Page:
For a detailed discussion on the methods used for the 2008 DoD Recruit Oral Health Survey, refer to the Methods section of the DoD report of the 2008 DoD Recruit Oral Health Survey (available at: http://www.usuhs.mil/tscohs/).
A total of 1,928 Army recruits were examined at the five Army Basic Combat Training (BCT) sites from December 2007 thru November 2008 (Table 1).
The component distribution of the sample is presented in Table 2. The numbers were weighted in order to adjust the sample to the actual population distribution of the 2008 recruit total.
Tables 3 and 4 present the sample population distribution by pre-enlistment education levels and age. The overall percentage of recruits without a high school education is 2.8% is likely an exaggeration due to National Guard recruits on a split entry option reporting for BCT prior to high school graduation.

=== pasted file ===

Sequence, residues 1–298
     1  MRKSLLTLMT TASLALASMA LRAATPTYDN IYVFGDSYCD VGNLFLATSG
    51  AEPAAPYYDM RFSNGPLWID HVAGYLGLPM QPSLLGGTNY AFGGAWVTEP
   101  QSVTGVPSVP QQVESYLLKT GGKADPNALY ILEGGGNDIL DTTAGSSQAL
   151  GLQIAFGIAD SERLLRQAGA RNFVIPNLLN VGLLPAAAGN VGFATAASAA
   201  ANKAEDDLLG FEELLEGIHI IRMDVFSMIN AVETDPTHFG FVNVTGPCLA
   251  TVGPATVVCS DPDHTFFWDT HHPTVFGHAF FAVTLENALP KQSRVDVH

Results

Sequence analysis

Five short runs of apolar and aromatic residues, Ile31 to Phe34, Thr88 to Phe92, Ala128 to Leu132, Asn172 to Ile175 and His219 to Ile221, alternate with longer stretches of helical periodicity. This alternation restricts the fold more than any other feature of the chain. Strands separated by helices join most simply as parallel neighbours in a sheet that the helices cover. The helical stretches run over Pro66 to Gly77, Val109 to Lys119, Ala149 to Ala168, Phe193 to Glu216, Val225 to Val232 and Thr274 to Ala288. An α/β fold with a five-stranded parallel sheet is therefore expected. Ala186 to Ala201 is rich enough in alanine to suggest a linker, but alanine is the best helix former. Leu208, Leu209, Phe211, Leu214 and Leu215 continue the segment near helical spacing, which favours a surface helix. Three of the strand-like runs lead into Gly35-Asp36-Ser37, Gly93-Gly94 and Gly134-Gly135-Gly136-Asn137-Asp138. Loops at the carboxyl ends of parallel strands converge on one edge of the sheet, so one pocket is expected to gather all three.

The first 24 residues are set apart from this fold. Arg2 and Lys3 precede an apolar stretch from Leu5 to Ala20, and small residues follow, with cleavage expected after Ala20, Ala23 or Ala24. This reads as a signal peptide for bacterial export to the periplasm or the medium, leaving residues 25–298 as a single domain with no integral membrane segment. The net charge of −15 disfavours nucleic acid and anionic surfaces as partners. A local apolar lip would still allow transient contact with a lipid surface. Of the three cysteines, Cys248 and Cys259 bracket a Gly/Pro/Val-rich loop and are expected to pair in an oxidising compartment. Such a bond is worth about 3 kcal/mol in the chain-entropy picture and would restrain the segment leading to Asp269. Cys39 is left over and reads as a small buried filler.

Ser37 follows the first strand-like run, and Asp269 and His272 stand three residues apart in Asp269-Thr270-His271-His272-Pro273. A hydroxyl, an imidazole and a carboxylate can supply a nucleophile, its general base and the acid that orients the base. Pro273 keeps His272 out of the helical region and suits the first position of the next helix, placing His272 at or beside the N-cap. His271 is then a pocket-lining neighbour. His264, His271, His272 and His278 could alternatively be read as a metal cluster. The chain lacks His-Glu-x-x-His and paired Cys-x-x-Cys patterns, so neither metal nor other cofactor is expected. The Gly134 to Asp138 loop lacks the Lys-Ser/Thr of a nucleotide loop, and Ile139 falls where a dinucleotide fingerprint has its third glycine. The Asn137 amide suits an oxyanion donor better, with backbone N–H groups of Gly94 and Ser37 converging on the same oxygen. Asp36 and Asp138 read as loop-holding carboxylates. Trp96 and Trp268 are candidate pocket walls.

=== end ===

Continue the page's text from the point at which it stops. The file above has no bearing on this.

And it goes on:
During the dental examination, each recruit's DoD Dental Classification was calculated based upon the worst dental class assigned to each tooth, each PSR sextant, soft tissue finding, and temporomandibular disorder/orthodontic referral as noted by the study examiners.
Figure 1 shows the trend in DFC distribution over the 3 study years. The distribution of DFC did not differ significantly among the 3 Army components for the 2008 data.
Survey examiners assessed the health status and treatment needs of each tooth using standardized mirrors and explorers and current radiographs. Examiners were instructed to use a very light touch when using the dental explorer to avoid causing cavitation with aggressive probing.
The mean number of restorations needed for 2008 recruits was 3.7. The distribution of required restorations is shown in Table 5.
This distribution among those that required at least one restoration was not statistically different across the 3 study years. The mean number of restorations by type for 2008 recruits is shown in Table 6.
This distribution also did not vary significantly across the 3 study years. The distribution of dental fitness class based solely on operative need for 2008 recruits is presented in Table 7.